5. Test the u.RAT on all bands and tweak where need be. I will see if maybe I can have a single inductor installed where the only moving part that I need is the variable capacitor. That would be superb if I can pull it off. This is because I don’t like how long it takes to move the roller inductor – it is always slower than the variable cap. I also would like it even more if I could use the Comet vacuum variable capacitor instead of the air variable cap. In fact, if I could just use a variable capacitor and a fixed inductor, I might just use an analog rotary encoder and then I could sell the BT1500A and the extra KPOD that I have. Then my control box would be two switches and a rotary encoder. The remote is a single stepper motor on one side and a relay on the other. Very simple and very reliable.
  6. Re-run the center control line to the northernmost element in preparation for adding the relay to switch in the grounded loop wire. Until I actually have the relay in place, I will use an alligator jumper when I am testing tuning on 80M. Because John says that I should expect 70 ohms on 80M:
    I think this might bode well for just having to use a variable capacitor and a fixed inductor

I can’t package the u.RAT up until I perform these experiments. This will no doubt take the longest amount of time, and it means it will be a full day job. I think impedance on all four bands will be in the range – mainly because of the grounded loops 70 ohms. I know with the Mod Bob – 80M was much higher impedance than the other bands, and that’s why the Palstar 1500A was required. I’m quite sure this solution all the way around will be better and easier too.


Benefits of Son of Mod Bob

There are several things that will be big benefits from Son of Mod Bob:

  1. I will remove the center element which is way to close to my 40M vertical array. This will eliminate the distorted 40M pattern
  2. I will no longer turn on the Trane HVAC when I transmit at full power
  3. I get three antennas in one, a half square on 40, Inverted L on 160 and grounded loop on 80. 30 will be great on all three of these configurations
  4. I will have an automated remote antenna tuner. I never got around to mounting stepper motors on my Palstar BT1500A, which is a good thing. My uRAT prototype becomes my remote tuner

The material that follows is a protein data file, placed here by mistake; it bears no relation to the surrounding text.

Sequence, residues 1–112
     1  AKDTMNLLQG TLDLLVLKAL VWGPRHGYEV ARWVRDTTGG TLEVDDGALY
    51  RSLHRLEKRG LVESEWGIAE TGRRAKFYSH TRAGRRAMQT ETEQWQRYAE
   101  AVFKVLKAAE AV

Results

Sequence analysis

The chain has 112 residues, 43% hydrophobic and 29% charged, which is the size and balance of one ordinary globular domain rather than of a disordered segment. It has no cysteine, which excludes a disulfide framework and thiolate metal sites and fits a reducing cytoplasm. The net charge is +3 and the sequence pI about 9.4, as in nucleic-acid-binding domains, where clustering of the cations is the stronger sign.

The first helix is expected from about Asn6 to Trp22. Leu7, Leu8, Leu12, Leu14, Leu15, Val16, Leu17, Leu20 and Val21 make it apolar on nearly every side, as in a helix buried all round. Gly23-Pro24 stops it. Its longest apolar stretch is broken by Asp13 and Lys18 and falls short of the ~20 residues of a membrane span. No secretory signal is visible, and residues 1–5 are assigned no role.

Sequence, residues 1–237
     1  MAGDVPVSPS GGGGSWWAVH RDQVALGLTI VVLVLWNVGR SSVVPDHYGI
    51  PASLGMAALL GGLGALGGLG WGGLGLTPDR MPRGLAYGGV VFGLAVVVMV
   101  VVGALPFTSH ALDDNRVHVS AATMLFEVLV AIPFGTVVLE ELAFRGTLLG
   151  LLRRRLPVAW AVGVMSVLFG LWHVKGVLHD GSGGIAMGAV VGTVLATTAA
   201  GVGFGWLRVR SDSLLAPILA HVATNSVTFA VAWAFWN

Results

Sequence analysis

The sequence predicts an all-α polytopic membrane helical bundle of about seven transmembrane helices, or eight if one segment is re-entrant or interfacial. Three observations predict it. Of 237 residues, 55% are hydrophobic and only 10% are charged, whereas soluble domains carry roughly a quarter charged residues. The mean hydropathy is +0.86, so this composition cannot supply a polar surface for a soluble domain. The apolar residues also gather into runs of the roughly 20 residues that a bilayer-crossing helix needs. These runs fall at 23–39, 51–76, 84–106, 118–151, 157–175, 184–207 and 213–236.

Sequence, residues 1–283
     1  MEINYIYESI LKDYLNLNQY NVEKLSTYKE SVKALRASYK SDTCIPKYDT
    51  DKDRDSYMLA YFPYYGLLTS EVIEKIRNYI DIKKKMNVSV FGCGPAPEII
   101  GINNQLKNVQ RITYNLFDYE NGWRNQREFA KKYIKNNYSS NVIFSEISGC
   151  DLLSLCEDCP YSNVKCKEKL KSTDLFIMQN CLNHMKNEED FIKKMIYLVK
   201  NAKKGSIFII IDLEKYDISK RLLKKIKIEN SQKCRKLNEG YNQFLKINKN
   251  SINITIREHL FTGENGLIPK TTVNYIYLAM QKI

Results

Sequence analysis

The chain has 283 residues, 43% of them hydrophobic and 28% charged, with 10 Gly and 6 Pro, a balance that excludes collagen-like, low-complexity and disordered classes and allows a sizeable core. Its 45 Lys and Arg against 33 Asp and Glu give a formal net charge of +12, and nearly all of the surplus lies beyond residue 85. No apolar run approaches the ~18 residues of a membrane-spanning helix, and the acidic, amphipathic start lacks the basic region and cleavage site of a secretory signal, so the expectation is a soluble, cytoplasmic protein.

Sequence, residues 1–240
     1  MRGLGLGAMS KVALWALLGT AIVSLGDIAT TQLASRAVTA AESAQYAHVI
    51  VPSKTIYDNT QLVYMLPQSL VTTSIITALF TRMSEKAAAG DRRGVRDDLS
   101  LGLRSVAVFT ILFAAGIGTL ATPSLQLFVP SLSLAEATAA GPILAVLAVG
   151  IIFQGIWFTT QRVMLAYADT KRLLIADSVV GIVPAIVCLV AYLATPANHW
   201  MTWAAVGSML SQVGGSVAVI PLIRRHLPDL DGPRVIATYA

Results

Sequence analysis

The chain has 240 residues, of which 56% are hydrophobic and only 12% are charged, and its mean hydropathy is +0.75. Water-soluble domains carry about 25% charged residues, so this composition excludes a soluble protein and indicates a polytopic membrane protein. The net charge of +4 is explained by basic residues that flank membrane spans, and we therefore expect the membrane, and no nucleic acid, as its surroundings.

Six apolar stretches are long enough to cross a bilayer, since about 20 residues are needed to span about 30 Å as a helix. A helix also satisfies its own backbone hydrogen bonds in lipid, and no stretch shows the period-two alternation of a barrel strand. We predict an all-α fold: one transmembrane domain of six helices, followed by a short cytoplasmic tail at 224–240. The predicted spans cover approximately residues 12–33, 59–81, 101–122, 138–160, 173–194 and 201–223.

5. I can sell the BT1500A
  6. Almost all of the wiring is already in place, meaning this is a one day project. I have 96 buried radials and tie points and even several wires that can be used as a solid grounded loop connection (instead of counting on buried radials that could be compromised over the years. I do have gophers under the radials

Its always good to assess the pros and cons of a project. There are absolutely Zero down sides – which is always nice – when you do a benefit analysis sometimes there are trade offs.

Pacificon and this blog have sparked this next phase of my low band antenna pursuit. The Mod Bob was up about 10 months, and I learned a lot, and now I take the next step.

A little creativity goes a long way!

Son of Mod Bob!

Son of Mod Bob!

Page 14-7 from the ARRL ON4UN Lowband DX-ing book

Chapter 14 in the ON4UN Lowband DX-ing book is a gem. John shows how to take a 40M half square and feed it just like the grounded loop – and where it then is a close array on 80M with gain. The dimensions in the book call for 72′ wide and 34′ tall. I might drop the height down to 34′ – maybe 35′ since I only have 70′ max width to play with. I doubt it really matters.

The feed and switching is like what I mentioned in one of the last posts:

if I add an Inverted L in parallel with the element on the left and the top wire, I get the best 160M performance where the wires fit in my back yard:

I will have to build a fairly simple switching scheme . . 

There is gain on 80M now – “close enough” to what John documents in his FB book . . . 

On 40M, I would switch the bottom wire out and its a half square . . . 

On 30M its close – but the 40M half square is kind to this band

So, besides my u.RAT remote L-C tuner, I would have an Inverted L parallel to the half square – and would need a high power relay to switch from one to the other. I would also need another relay to switch the right side to be a half square (un-ground the grounded loop), or ground the loop.